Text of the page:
The hands that hurt can be the hands that heal.

Maryville resident Jim Lindsay has walked a winding path in life that has led him to a vocation of healing even while cultivating the devastating power of the martial arts.

Co-owner of Twisted Roots Bodywork, Lindsay makes his living as a massage therapist, using the skill of his hands to help relieve his clients of chronic pain. He is also a practitioner of a martial art known as Yin Style Baguazhang.

Linsday is one of about a dozen people in the nation hand-picked by the grandmaster of this particular lineage, He Jinbao of Beijing, to represent it in the U.S. He teaches the martial art free of charge.

There is no contradiction between the disciplines of massage and martial arts, Lindsay said. “I see them as being deeply complementary. My teacher’s teacher has information out about how you can use the principles of the martial art to heal. It’s old school Chinese stuff.”

Baguazhang is a taxing style to practice, he said. “It’s just a matter of focus and determination. This is not an easy art to start. It’s very grown up. We like to describe it as the graduate school of martial arts.”

pain opens path

The path that led to massage as a vocation started with Lindsay’s own suffering after injuring his back in 2002. For seven years, back pain was a nearly constant presence in his life. A string of orthopedic doctors, physical therapists and chiropractors could not provide lasting relief.

“The doctors couldn’t really do much,” he said. “They’d prescribe painkillers. ... It turns out at that martial arts is how I met the guy who started me fixing my back.”

While practicing in a local park, Lindsay struck up a conversation with an interested passerby and began showing him some of the basics of Baguazhang. The man decided to return the courtesy by offering his own help.

“He could immediately see that my back hurt because of the way I held myself,” Lindsay said. “He saw that I was giving him something for free, so he put me on a picnic table down in Sandy Springs Park, jammed his thumbs into some muscles, and I got off the picnic table like a miracle happened.”

With the guidance of a book recommended by his new friend, Lindsay applied the knowledge provided by the hands-on treatment and found lasting relief. “I was able to rid myself of low back pain that had crippled me for seven to eight years.”

Still, Lindsay did not think about becoming a massage therapist until receiving a doctorate in mathematics from the University of Tennessee. His field of study was enumerative combinatorics.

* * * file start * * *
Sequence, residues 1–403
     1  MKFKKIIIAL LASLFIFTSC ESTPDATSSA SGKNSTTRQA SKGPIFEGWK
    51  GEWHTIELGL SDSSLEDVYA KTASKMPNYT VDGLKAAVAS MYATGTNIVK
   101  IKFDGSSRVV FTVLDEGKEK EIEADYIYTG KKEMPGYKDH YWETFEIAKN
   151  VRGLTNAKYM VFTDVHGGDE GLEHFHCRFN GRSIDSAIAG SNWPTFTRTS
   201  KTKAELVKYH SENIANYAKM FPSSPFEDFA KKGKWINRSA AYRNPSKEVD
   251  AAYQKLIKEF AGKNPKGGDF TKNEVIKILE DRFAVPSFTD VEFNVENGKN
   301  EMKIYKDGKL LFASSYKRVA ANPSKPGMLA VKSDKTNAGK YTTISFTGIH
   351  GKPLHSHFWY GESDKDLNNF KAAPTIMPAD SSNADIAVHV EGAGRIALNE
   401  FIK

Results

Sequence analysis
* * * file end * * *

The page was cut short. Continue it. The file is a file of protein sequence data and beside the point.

“It’s a glorified way to say bean-counting. It ties mathematics back to its real foundational roots. Numbers were invented to count things. It comes down to solving puzzles, and it’s fun.”

Although mathematics continued to fascinate Lindsay, he felt burned out after the grueling years of study and teaching and decided not to seek a teaching job right away. So, his wife, Heather, made a timely suggestion.

“The massage had already done a lot for me. I couldn’t find another therapist. My wife suggested, ‘Why don’t you go to school, get a license, and do what you do to other people.’”

As a massage therapist, Lindsay specializes in what is called trigger-point therapy. “I really could probably credit magic powers for how I do this, if I was less scrupulous, he said. “The thing is it’s better than magic: it’s science.”

The new path complemented Lindsay’s martial art studies. “What really appealed to me was now I would be doing something that tied into the martial art training,” he said. “Traditionally, this art is a complete system — meaning it is an art that has an healing aspect to it and an internal aspect.”

Each of the disciplines has provided its own physical benefits. “Since I started working in this art, I’ve gained about 30 pounds, but I’m less fat,” he said. “It’s definitely built me up physically. ... I have to be careful because they tell me my grip is bone crushing because I squeeze people all day long.”

In the end, Lindsay is especially pleased by one benefit of his current career. “There is a big, big change where people are happy to see me instead of my being a math teacher and people not happy to see me,” he said. “I really like helping people not hurt.”

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